General Motors' first-quarter earnings rose 34 percent, topping Wall Street estimates by a wide margin, as strong pickup truck and SUV sales in the U.S. helped the company shrug off weaker sales in other regions.
Here's what the company reported versus what the Street was expecting:
- EPS: $1.70 a share, versus $1.48 a share expected by Thomson Reuters analysts' consensus.
- Revenue: $41.2 billion, versus $40.75 billion expected by Thomson Reuters.
Shares were trading up 1.3 percent before the market's open.
Net income in the latest period climbed to $2.6 billion from $2 billion a year earlier, while revenue rose 11 percent to $41.2 billion from $36.27 billion in revenue a year ago.
The automaker posted particularly strong sales of trucks and SUVs, matching a trend seen elsewhere in the industry.
"Our first-quarter results reflect our resolve to grow profitably and demonstrate the strong
earnings power of this company," said Chairman and CEO Mary Barra, in a press release. "More importantly, we advanced our strategic plan to transform GM for the long term and unlock more value for our shareholders."
Performance in North America was especially strong. North America generated $3.4 billion in adjusted earnings before interest and taxes with 11.7 percent margins, both first-quarter records for the company, said GM Chief Financial Officer Chuck Stevens, on CNBC's "Squawk Box"Friday morning.
Stevens attributed the performance to the strength of the company's product launch cadence, the strength of its truck line, and GM's "intense focus" on costs.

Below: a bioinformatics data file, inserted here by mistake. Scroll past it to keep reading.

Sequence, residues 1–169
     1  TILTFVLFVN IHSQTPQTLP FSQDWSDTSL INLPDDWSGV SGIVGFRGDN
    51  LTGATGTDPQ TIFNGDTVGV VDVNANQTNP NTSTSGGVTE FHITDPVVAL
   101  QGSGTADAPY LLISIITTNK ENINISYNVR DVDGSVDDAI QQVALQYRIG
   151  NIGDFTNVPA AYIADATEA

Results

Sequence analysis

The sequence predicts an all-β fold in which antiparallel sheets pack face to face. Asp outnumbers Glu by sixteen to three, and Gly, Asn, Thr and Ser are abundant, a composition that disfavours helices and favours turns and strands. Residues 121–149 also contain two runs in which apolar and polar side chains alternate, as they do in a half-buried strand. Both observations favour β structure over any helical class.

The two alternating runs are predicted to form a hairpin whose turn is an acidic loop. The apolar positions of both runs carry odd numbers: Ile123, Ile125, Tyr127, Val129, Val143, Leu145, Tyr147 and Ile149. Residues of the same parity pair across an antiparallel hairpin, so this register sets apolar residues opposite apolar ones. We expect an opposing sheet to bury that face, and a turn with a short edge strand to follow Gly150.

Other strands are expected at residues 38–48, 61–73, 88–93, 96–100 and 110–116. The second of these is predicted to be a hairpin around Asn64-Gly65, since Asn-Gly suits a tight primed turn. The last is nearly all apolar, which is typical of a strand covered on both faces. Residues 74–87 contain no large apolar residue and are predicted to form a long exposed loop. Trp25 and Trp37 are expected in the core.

Stevens said GM is "very optimistic" about the vehicles it will release later this year as well.
Last year the company released the crossover SUV's Cadillac XT5 and the GMC Acadia, and it will further refresh the line later this year with the Chevrolet Equinox, the GMC Terrain, the Buick Enclave, and Chevrolet Traverse.
North American performance offset slight losses in both Europe and South America. The company blamed foreign exchange impacts in both cases. The company cited broader economic challenges in South America, and Brexit-related currency impacts in Europe.
In China, retail deliveries fell 5.2 percent to 913,442 vehicles, due to a reduction in the country's vehicle tax purchase incentive.
GM said in March it will sell its Opel and Vauxhall European brands, as well as its GM Financial European operations to French carmaker PSA Group.
The deal will allow GM to reduce its cash balance by $2 billion, which it plans to use to accelerate share buybacks.
Correction: This story has been corrected to reflect that GM earned $1.70 a share in the first quarter.